Francis Bacon's Study of Red Pope - The Next Most Expensive Artwork Sold in Europe?
The famous painting Study of Red Pope 1962. 2nd version 1971 by Francis Bacon has been out of public view for nearly 50 years. After being exhibited at the Bacon retrospective at the Grand Palais in Paris in 1971, then in Dusseldorf the following year, the work, that has been a part of a private collection for the past 45 years, has never been shown since. Next week, this rare masterpiece will be offered at Christie’s auction house sale in London. Estimated at around $80.7 million, it may break the record for the most expensive artwork ever sold in Europe. Uniting two subjects that obsessed the painter during his career, his lover and muse George Dyer and the figure of Pope Innocent X, the piece offers a deeply poignant insight into one of the 20th century’s most important bodies of work.
A Work That Foretold a Tragedy
The painting was created at the most intense moment of Francis Bacon’s life, while he was facing a personal as well as artistic crisis. The artist was about to put on a massive one-man exhibition at the Grand Palais in Paris, a career-defining moment for the artist who has been newly anointed ‘Britain’s greatest living painter’. Bacon wanted to include his renowned painting Study for Innocent X, but since its owner refused to lend it, he decided to create a new version of the masterpiece. The new piece included a reference to Spanish painter Diego Velázquez’s Pope Innocent X (1650), a portrait that had long haunted Bacon, next to Bacon’s lover and muse, George Dyer. Dyer, a young, East End crook whom Bacon met in a Soho pub in 1963 and had a tempestuous relationship with since, descended into an alcoholic malaise at the time, slowly vanishing from the painter’s life. Two days before the exhibition opened, Dyer killed himself with a drug overdose in their hotel room. Although struck with grief, Bacon carried on with the show. Later, he said: “If I’d have stayed with him rather than going to see about the exhibition, he would be here now. But I didn’t and he’s dead.”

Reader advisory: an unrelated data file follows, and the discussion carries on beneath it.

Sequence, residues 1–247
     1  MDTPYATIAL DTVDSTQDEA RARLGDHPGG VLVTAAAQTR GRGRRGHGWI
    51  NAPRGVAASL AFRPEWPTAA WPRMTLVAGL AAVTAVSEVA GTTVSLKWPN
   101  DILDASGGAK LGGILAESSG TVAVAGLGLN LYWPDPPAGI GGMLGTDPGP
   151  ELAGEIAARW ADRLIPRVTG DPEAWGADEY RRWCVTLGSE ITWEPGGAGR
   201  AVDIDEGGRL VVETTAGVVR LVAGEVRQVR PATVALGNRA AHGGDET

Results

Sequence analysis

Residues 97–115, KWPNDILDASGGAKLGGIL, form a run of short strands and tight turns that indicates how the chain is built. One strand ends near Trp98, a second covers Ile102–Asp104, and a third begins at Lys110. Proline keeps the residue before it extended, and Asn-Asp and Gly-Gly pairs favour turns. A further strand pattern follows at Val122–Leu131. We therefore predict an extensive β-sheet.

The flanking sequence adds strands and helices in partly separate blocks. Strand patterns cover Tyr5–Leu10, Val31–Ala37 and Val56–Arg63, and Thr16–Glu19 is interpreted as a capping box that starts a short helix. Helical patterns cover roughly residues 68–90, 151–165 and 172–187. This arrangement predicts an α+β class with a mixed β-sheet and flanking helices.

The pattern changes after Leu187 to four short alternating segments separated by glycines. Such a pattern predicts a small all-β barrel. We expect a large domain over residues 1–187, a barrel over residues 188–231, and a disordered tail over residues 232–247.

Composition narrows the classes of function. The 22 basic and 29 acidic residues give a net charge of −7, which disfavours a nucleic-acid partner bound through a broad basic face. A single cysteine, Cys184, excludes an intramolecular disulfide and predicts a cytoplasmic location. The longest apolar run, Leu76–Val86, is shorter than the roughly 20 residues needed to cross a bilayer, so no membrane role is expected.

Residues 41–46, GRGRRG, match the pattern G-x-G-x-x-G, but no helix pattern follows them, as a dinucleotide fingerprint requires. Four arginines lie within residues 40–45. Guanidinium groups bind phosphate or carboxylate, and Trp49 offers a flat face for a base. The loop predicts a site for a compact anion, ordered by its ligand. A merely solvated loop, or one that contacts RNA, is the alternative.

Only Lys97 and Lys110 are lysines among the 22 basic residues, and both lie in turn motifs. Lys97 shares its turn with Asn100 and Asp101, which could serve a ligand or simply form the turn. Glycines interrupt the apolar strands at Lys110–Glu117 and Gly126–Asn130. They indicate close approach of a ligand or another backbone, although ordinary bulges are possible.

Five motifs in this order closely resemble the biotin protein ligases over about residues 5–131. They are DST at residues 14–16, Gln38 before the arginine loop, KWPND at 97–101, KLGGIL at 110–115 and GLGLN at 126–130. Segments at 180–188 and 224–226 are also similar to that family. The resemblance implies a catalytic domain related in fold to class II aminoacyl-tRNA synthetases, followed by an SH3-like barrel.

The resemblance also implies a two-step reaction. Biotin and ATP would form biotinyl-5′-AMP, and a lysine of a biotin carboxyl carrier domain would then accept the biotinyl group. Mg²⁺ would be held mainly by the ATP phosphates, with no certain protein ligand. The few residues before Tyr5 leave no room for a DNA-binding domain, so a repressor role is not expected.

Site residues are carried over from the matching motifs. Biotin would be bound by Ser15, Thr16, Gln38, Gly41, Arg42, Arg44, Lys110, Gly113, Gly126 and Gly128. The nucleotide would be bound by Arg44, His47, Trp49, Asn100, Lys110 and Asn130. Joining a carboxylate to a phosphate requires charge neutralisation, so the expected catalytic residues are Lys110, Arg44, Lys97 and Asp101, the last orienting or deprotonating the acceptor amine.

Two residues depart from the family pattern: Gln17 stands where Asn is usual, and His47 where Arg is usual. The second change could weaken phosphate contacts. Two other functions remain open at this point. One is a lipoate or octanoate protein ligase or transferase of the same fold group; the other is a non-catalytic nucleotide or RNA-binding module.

The Tension Between Two Figures
“There’s something about it that tells me – ‘I’m going to paint a great picture for this show, the last of my popes, with my muse George Dyer in it,’” Bacon said. Indeed, Study of Red Pope 1962. 2nd version 1971 is a grand finale to his celebrated body of papal portraits. Yet, the encounter between the Pope and Dyer, both sharing a combination of power and vulnerability, is rather haunting. The figure of Dyer in the work is not the decaying man he had become by 1971, but rather a handsome, well-dressed young thug he was when Bacon first met him. These two figures are brought face to face as a mirrored reflection and a twisted alter ego, juxtaposed in the manner of a devotional diptych. With their faces thickly worked with vigorous impasto, these two figures are depicted with two sash cords, as if their light might be extinguished at any moment.
Love and Destruction
Two months after Dyer died, Bacon was interviewed by British art critic David Sylvester. When asked about the images of figures coupling in his work, Bacon explained, “People say you forget about death, but you don’t. After all, I’ve had a very unfortunate life, because all the people I’ve been really fond of have died. And you don’t stop thinking about them; time doesn’t heal. But you concentrate on something which was an obsession, and what you would have put into your obsession with the physical act you put into your work. Because one of the terrible things about so-called love, certainly for an artist, I think, is the destruction.” This work acknowledges the dual space these two subjects occupied in the artist’s psyche. In the subsequent Study of George Dyer, the final image of Dyer painted during his lifetime, the deadlock between them is resolved by Bacon’s tragic muse usurping the pontiff from the center of the composition.
The painting will be offered in the Post-War and Contemporary Art Evening Auction at Christie’s in London on October 6th, 2017. The artwork currently holding the no.1 spot on the list of the most expensive ones sold in Europe is Alberto Giacometti’s Walking Man bronze, which went for roughly $74.1 million in 2010.
Featured image: Francis Bacon’s landmark painting, Study of Red Pope 1962. 2nd version 1971, at Christie’s in London. Photograph- Victoria Jones/PA. All images used for illustrative purposes only.